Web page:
...
Feb  1 07:58:01 bashful sshd[25940]: pam_succeed_if(sshd:auth): requirement "uid >= 1000" not met by user "root"
Feb  1 07:58:04 bashful sshd[25940]: Failed password for root from 122.225.103.124 port 3842 ssh2
Feb  1 07:58:04 bashful unix_chkpwd[25948]: password check failed for user (root)
/failed

You can also search, up the way, using the question mark symbol (?) followed by the search string.

Next you might want to see how many failed login attempt there were in just one given day. Here we use grep strip out everything other than the day we are interesting in. Here we pipe it into less because there may be a lot of results.

[root@bashful ~]# grep "Feb  8" /var/log/secure | less

Now we want to search for the failed number of root login attempts. Here we use “-i” to ignore the case. Again we pipe into less to check.

[root@bashful ~]# grep "Feb  8" /var/log/secure | grep -i "failed password for root" | less

It makes sense to count the number of lines to see how many failed attempts there have been. We do this with the wc command giving it the “-l” argument to count the lines.

[root@bast ~]# grep "Feb  8" /var/log/secure | grep -i "failed password for root" | wc -l
5269

You might also want to see what other usernames, (other than root) were tried. The “-v” option does just that. The do need to adjust the second grep search pattern to include all login attempts – “failed password for”.

[root@bashful ~]# grep "Feb  8" /var/log/secure | grep -i "failed password for" | grep -v "root"
Feb  8 06:33:43 bashful sshd[12070]: Failed password for invalid user ubnt from 213.182.43.222 port 5461 ssh2
Feb  8 06:33:47 bashful sshd[12074]: Failed password for invalid user admin from 213.182.43.222 port 5680 ssh2
Feb  8 06:33:54 bashful sshd[12079]: Failed password for invalid user guest from 213.182.43.222 port 6203 ssh2
Feb  8 06:33:58 bashful sshd[12081]: Failed password for invalid user admin from 213.182.43.222 port 6487 ssh2
Feb  8 06:34:02 bashful sshd[12083]: Failed password for invalid user support from 213.182.43.222 port 6709 ssh2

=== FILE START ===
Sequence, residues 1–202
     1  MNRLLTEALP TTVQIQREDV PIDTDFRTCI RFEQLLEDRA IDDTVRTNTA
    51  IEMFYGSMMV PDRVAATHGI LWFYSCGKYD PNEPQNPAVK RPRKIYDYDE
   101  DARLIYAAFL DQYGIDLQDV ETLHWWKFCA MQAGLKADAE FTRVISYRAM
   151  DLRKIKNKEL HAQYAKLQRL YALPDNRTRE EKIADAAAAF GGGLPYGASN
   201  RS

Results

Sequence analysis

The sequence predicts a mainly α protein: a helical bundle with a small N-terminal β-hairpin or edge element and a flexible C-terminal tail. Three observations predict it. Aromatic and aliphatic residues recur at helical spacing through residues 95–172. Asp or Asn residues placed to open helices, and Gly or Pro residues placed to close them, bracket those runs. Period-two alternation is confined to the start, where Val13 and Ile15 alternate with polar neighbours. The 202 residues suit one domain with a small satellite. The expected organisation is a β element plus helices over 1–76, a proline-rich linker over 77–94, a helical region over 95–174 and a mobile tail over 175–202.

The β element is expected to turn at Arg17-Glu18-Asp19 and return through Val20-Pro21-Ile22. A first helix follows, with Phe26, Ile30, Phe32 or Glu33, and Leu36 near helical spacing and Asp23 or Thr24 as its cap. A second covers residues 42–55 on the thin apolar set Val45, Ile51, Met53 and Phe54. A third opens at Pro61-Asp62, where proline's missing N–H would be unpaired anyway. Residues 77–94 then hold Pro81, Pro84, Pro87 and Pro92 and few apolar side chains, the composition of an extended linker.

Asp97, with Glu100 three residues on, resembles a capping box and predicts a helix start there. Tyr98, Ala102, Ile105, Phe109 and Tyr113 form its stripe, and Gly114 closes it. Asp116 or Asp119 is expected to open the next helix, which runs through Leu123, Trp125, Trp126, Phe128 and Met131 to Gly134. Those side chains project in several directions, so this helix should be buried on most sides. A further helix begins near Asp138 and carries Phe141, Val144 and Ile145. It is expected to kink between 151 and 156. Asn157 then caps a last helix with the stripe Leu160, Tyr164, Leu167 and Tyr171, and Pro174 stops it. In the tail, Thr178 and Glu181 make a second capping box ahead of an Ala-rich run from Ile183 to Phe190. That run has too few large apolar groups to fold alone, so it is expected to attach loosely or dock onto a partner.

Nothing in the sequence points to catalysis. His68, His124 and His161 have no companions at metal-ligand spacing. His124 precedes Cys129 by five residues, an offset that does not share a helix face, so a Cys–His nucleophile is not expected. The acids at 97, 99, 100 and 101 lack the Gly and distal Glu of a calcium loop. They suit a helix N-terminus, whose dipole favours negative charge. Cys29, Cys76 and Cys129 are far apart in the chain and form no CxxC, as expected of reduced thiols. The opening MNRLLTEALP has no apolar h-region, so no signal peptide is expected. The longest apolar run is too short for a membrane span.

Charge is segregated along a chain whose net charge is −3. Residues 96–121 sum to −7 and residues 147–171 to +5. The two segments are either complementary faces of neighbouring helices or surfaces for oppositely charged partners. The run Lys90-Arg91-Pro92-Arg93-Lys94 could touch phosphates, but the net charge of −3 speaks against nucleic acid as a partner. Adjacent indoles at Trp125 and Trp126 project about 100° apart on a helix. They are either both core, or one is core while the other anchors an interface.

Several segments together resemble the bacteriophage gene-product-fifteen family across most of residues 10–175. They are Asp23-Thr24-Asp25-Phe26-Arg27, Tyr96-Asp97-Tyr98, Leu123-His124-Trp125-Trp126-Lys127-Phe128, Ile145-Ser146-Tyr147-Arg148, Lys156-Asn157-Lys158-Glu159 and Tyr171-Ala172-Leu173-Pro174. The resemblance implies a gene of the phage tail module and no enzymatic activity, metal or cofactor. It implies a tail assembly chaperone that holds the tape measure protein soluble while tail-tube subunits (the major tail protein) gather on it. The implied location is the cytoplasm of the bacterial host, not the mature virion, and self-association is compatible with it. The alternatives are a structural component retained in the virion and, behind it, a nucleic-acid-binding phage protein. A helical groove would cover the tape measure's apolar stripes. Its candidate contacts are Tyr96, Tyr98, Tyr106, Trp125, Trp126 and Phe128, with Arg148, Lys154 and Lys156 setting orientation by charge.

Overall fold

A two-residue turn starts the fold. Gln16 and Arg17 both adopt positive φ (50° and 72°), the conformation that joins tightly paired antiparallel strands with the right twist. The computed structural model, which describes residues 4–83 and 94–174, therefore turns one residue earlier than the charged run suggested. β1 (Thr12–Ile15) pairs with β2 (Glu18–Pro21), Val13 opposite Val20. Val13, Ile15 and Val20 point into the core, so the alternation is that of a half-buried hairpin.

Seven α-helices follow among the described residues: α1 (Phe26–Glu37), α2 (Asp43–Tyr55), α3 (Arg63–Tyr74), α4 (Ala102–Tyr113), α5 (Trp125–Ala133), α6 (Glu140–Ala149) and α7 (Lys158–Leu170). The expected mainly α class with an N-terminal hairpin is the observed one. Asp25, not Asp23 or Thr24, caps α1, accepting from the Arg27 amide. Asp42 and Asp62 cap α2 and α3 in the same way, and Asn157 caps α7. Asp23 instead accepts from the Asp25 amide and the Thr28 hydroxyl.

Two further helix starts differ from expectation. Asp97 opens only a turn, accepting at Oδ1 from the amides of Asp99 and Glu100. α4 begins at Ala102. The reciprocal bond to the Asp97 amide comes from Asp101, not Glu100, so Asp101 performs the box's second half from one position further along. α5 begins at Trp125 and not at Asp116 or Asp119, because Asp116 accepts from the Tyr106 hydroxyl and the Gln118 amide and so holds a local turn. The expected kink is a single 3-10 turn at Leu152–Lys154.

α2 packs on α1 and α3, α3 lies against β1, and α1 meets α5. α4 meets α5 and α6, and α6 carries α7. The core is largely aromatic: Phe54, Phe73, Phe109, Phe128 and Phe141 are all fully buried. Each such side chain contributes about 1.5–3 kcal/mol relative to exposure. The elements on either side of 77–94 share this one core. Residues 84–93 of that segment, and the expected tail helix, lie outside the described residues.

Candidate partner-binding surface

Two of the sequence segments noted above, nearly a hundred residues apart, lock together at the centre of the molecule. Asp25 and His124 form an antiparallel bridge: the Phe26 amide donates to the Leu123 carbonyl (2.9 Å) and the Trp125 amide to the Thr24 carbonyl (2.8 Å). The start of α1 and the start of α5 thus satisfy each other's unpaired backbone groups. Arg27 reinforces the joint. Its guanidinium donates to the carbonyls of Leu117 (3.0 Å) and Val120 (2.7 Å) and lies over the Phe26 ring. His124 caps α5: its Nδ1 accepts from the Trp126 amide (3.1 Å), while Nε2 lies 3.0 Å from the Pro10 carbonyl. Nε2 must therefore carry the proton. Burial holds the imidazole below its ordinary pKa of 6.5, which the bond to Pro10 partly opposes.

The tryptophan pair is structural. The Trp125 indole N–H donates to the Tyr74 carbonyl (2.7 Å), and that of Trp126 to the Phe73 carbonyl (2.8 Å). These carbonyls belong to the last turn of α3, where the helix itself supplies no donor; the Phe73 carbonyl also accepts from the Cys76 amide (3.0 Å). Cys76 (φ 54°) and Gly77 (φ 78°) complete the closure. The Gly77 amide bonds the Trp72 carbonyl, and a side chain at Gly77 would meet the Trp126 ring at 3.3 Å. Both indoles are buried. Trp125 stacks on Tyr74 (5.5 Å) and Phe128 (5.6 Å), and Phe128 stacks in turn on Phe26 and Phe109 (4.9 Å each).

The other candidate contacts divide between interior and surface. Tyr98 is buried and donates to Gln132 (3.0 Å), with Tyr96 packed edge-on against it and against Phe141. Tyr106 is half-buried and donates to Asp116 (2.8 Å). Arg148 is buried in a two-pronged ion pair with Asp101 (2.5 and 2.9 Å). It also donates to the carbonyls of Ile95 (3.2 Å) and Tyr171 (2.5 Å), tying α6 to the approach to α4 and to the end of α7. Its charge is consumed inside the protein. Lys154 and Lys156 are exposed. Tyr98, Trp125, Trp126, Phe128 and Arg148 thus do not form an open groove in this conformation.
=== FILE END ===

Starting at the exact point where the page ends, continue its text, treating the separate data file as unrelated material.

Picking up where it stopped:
Feb  8 06:34:06 bashful sshd[12085]: Failed password for invalid user test from 213.182.43.222 port 6960 ssh2
Feb  8 06:34:09 bashful sshd[12117]: Failed password for invalid user user from 213.182.43.222 port 7189 ssh2
Feb  8 08:11:34 bashful sshd[14988]: Failed password for invalid user support from 62.4.9.24 port 60782 ssh2
Feb  8 08:11:37 bashful sshd[14991]: Failed password for invalid user admin from 62.4.9.24 port 53004 ssh2
Feb  8 08:12:46 bashful sshd[15033]: Failed password for invalid user ftpuser from 62.4.9.24 port 52349 ssh2
Feb  8 08:13:24 bashful sshd[15055]: Failed password for ftp from 62.4.9.24 port 50704 ssh2
Feb  8 08:13:28 bashful sshd[15058]: Failed password for invalid user admIndian from 62.4.9.24 port 57960 ssh2
Feb  8 08:13:45 bashful sshd[15063]: Failed password for invalid user webmaster from 62.4.9.24 port 58351 ssh2
Feb  8 08:13:58 bashful sshd[15065]: Failed password for invalid user sales from 62.4.9.24 port 51314 ssh2
Feb  8 08:14:10 bashful sshd[15097]: Failed password for invalid user demo from 62.4.9.24 port 53511 ssh2
Feb  8 17:26:41 bashful sshd[407]: Failed password for invalid user paras from 61.132.161.130 port 54894 ssh2
Feb  8 17:26:51 bashful sshd[421]: Failed password for invalid user nan from 61.132.161.130 port 57520 ssh2
Feb  8 17:27:02 bashful sshd[439]: Failed password for invalid user r00t from 61.132.161.130 port 60222 ssh2